Hundreds of pastors in Central Kenya confronted a county governor last week to protest against a new bill that could see clergy charged for preaching outside of their churches.
The pastors, who say they represent as many as 1,200 churches within Nyeri County, marched to the governor's office on February 12 to protest against the Nyeri County Finance Bill, which includes a section on charging preachers for speaking in public.
The bill, which is yet to be debated by the local government or signed by the county governor, states that clergy must pay 10,000 Kenyan shillings (approximately $117) per day to preach inside a stadium, 8,000 KES ($93) outside a stadium and 5,000 ($58) in rural areas.
Charles Muchiri, priest of St. Peter's Catholic Church in Ruiru, near Nairobi, and chairman of the 300 pastors, said that churches should not be commercialised and treated like businesses, and that the bill would leave clergy dependent upon funds to reach beyond their churches.
"The services rendered by the church to the people are free and such a high tax imposition will greatly affect the spreading of the gospel," he said.
In Kenya, it is common for churches to hold evangelical events in stadiums that can last from three days to a full week.
The Nyeri governor, Nderitu Gachagua, was out of office on the day of the protest, but the bishops were addressed by finance executive Martin Wamwea, who promised a response from the County Assembly Finance Committee within seven working days.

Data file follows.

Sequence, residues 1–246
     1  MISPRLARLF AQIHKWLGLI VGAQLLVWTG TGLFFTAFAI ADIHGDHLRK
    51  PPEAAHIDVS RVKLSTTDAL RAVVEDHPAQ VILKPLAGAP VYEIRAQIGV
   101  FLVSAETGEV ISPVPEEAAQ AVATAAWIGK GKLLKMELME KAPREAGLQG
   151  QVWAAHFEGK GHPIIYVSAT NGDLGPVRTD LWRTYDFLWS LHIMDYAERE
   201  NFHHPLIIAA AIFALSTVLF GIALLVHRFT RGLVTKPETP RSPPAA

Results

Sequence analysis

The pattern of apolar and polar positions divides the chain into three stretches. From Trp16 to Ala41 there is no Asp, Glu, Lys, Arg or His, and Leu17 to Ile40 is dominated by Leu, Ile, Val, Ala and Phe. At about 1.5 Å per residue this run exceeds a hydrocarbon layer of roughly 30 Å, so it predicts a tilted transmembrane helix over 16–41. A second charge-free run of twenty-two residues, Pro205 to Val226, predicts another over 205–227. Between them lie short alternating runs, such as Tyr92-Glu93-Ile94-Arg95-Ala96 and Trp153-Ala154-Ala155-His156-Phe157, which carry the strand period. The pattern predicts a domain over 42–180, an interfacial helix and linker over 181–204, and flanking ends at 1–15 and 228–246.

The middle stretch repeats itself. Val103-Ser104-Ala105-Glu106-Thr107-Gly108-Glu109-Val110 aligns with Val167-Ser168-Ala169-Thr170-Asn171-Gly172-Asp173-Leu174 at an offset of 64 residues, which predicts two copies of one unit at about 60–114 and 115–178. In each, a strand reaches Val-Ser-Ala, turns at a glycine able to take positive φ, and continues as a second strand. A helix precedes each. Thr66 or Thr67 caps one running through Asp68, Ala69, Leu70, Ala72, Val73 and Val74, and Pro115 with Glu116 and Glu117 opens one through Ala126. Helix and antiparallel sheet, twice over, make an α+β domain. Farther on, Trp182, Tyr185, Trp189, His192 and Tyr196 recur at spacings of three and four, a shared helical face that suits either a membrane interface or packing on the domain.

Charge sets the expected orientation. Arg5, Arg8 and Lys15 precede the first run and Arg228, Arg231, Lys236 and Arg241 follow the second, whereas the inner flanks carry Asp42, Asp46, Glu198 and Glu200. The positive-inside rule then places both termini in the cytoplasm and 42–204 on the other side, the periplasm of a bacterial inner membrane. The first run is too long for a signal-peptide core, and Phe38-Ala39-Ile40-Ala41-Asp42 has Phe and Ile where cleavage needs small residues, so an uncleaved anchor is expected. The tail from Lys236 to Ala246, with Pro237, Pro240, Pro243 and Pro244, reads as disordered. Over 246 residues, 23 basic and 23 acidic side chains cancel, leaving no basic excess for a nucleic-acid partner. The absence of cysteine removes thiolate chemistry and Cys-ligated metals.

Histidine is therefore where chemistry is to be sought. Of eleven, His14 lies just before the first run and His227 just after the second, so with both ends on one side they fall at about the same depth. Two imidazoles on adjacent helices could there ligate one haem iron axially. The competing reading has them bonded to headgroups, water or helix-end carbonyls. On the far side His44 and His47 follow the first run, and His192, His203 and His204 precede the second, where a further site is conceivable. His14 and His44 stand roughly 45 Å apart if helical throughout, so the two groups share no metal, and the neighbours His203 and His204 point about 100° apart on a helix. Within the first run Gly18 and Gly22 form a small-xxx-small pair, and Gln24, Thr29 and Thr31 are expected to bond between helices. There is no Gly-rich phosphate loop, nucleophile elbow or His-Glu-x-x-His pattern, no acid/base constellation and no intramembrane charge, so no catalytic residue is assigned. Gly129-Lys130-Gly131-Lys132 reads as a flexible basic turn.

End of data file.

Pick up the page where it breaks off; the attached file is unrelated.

Nyeri is not the first of Kenya's 47 counties to consider such measures. Nairobi County proposed a similar law last year that would charge clergy for the use of public parks.
The two largest parks in Kenya's capital, Uhuru and Kamukunji, are popular venues for evangelical meetings. But under the proposed law churches could be forced to pay 50,000 KES ($580) per day to preach from the main stand or 40,000 KES ($463) elsewhere in the park. Under Nairobi's proposed bill, street evangelists would also be forced to pay 2,500 ($29) to preach.
Similar proposals were made in Busia County in Western Kenya, but the bill was dropped after protests from clergy.
Recent reports claimed that one pastor had been charging 1,500 KES ($18) for the promise of salvation, while another reportedly sold holy oil for money.
Christians in Kenya are divided on the issue. Some argue that it is wrong to charge preachers, but others say clerics should pay the fees, a view that is bolstered by reports that clergy have been exploiting their positions to make money.
[Editor's note: Kenyan police are also cracking down on street preaching by Christians and Muslims alike in Garissa, where CT previously reported the rising violence of al-Shabaab's Islamist extremists. Authorities are concerned that the gatherings can easily cause religious strife and even violence among the various sects. CT also reported on grenade attacks at a prayer rally in Uhuru Park that Kenyan Christians claimed were a government plot.]